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Berryhill 2015 Legislature Wrap Up

In mid-September the legislature recessed until January. Any legislation that was going to move forward this year had to be passed by both houses and sent to the governor for his signature or vetoed by midnight on October 11. If a measure is not vetoed it automatically becomes law.

There were many issues—climate change, medical marijuana, and end of life choices—that dominated the news cycle, but I wanted to draw your attention to a topic that ultimately has a greater impact on middle class Californians. Taxes.

While state spending is at a record high (this year’s budget spends $265 billion, which includes an unanticipated $10 billion windfall), the governor and legislative leadership did not prioritize spending for important programs such as roads, highways, services for the developmentally disabled, and access to health care for the lowest income and neediest Californians.

What they did do was spend billions of dollars on pet projects—like pay raises for public employees—and then insist more taxes were needed for the programs “shorted” in the budget.

Just this session the following taxes were proposed by the governor and Democrats in Sacramento:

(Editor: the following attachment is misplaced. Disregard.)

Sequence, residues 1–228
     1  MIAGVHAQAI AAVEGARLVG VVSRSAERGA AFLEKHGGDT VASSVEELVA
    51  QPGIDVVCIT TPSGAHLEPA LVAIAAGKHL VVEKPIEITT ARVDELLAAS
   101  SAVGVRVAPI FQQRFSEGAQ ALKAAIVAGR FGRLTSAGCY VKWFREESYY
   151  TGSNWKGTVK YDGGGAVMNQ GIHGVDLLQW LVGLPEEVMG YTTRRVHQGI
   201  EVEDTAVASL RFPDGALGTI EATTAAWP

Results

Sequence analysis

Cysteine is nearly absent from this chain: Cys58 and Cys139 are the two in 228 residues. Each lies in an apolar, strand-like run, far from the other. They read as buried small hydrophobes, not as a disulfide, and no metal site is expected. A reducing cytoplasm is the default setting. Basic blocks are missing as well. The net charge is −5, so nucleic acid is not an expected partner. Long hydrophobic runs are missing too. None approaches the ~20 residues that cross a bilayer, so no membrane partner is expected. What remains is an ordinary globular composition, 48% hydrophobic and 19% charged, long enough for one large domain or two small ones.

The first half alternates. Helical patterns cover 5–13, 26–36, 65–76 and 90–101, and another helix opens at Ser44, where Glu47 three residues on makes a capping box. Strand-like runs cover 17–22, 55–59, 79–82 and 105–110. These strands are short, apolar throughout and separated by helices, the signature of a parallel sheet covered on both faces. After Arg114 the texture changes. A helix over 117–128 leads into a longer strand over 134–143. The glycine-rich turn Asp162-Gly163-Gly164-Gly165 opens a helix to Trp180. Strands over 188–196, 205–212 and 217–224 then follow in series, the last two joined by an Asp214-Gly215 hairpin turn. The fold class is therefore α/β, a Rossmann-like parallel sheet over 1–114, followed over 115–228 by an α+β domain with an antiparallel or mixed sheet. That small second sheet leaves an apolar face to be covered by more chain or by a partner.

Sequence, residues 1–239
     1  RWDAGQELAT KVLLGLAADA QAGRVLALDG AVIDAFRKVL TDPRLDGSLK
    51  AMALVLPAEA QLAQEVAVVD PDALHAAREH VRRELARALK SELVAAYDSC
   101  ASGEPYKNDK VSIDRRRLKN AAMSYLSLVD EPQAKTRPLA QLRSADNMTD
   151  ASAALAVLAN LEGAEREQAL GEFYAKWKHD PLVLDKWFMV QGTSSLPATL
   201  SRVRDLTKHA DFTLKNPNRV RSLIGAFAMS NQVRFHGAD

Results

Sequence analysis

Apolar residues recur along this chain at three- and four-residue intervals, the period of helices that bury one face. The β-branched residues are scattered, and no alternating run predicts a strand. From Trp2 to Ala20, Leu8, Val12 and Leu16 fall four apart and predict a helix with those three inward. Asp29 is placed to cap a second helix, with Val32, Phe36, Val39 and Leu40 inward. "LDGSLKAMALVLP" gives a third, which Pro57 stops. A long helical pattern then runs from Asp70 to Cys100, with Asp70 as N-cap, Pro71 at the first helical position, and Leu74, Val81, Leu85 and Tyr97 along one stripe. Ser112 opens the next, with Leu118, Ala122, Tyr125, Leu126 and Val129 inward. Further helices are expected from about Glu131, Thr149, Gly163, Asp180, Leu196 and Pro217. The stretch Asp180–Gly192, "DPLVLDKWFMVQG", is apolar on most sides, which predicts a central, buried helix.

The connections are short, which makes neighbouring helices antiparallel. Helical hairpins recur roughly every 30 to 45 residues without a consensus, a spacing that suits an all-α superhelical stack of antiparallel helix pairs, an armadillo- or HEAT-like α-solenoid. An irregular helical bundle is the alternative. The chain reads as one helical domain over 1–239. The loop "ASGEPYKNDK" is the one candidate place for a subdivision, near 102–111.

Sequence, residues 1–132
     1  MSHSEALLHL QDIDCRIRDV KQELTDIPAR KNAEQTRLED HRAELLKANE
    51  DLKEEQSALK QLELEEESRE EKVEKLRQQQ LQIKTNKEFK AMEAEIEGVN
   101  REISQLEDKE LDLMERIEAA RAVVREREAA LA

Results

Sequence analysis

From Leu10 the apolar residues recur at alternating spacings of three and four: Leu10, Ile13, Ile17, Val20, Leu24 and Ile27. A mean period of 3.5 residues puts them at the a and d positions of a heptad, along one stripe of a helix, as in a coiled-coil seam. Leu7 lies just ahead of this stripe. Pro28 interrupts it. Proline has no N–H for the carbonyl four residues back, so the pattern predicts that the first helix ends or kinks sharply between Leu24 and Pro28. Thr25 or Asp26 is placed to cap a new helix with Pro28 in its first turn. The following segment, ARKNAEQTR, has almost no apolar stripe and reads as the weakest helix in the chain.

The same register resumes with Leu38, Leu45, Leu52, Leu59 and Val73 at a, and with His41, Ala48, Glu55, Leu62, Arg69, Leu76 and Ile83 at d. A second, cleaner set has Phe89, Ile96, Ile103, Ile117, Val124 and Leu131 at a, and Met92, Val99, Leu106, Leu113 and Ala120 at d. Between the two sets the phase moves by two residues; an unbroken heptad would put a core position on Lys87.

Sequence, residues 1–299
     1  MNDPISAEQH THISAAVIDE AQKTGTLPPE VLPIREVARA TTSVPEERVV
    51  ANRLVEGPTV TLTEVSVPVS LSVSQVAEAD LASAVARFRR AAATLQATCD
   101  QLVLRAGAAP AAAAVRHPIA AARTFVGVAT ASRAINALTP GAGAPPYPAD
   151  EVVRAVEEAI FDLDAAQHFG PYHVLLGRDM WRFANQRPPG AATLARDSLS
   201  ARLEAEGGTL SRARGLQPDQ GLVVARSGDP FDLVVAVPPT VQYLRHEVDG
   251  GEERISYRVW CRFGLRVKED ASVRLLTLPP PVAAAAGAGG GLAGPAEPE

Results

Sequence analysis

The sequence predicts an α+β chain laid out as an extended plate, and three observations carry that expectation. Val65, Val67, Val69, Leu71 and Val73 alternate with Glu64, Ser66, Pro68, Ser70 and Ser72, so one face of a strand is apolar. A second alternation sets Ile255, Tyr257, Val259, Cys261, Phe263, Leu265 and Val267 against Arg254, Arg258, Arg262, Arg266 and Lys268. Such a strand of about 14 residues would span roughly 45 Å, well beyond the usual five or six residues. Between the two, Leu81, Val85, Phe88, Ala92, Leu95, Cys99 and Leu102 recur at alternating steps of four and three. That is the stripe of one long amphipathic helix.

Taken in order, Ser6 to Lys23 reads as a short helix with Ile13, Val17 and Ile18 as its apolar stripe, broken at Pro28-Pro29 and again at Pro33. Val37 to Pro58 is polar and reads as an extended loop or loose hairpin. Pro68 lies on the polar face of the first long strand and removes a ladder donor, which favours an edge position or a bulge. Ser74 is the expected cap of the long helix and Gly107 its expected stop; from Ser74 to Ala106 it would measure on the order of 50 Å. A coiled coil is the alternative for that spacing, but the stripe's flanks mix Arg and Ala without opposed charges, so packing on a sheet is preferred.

• Taxing health plans–which would have meant higher health insurance rates for 24 million Californians
  • A new $2 per pack tax on tobacco
  • A new tax on alcoholic beverages
  • A six cent per gallon increase in the gas tax
  • A 12 cent per gallon increase in the diesel tax
  • A $65 hike in vehicle registration “fees”
  • A new $75 “fee” on real estate transactions
  • A new $100 “fee” for owners of electric cars

All of these proposed taxes were defeated, but every year we fight this battle. No matter how much money is available, it is never enough for some of my colleagues. Taxpayers provide more than enough money to fund essential programs. This year, the state collected $10 billion in unexpected revenues, and yet the governor and Democrats wanted to collect even more with new taxes. Having enough money is not the state’s problem, prioritizing how existing dollars are spent and being transparent with the decision-making process is.